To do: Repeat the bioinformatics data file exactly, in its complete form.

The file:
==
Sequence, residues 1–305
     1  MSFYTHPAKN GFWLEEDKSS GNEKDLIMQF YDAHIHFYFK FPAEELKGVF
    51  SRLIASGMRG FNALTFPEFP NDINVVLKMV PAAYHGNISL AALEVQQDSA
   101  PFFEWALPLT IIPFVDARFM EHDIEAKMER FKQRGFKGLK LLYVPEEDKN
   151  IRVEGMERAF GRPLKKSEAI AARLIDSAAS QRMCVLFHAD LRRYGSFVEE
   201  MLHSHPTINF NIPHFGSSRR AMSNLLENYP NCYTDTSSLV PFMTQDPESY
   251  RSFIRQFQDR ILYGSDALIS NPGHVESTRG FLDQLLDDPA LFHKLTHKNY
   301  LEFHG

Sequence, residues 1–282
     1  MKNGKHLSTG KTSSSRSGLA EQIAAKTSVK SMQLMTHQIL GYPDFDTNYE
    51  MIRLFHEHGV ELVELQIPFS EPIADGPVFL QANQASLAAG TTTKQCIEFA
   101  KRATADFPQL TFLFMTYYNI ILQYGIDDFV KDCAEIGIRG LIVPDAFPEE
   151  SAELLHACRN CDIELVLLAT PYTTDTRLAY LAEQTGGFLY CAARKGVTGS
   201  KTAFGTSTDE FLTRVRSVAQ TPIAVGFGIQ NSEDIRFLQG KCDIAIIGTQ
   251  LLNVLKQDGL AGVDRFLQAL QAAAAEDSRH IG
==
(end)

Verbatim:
Sequence, residues 1–305
     1  MSFYTHPAKN GFWLEEDKSS GNEKDLIMQF YDAHIHFYFK FPAEELKGVF
    51  SRLIASGMRG FNALTFPEFP NDINVVLKMV PAAYHGNISL AALEVQQDSA
   101  PFFEWALPLT IIPFVDARFM EHDIEAKMER FKQRGFKGLK LLYVPEEDKN
   151  IRVEGMERAF GRPLKKSEAI AARLIDSAAS QRMCVLFHAD LRRYGSFVEE
   201  MLHSHPTINF NIPHFGSSRR AMSNLLENYP NCYTDTSSLV PFMTQDPESY
   251  RSFIRQFQDR ILYGSDALIS NPGHVESTRG FLDQLLDDPA LFHKLTHKNY
   301  LEFHG

Sequence, residues 1–282
     1  MKNGKHLSTG KTSSSRSGLA EQIAAKTSVK SMQLMTHQIL GYPDFDTNYE
    51  MIRLFHEHGV ELVELQIPFS EPIADGPVFL QANQASLAAG TTTKQCIEFA
   101  KRATADFPQL TFLFMTYYNI ILQYGIDDFV KDCAEIGIRG LIVPDAFPEE
   151  SAELLHACRN CDIELVLLAT PYTTDTRLAY LAEQTGGFLY CAARKGVTGS
   201  KTAFGTSTDE FLTRVRSVAQ TPIAVGFGIQ NSEDIRFLQG KCDIAIIGTQ
   251  LLNVLKQDGL AGVDRFLQAL QAAAAEDSRH IG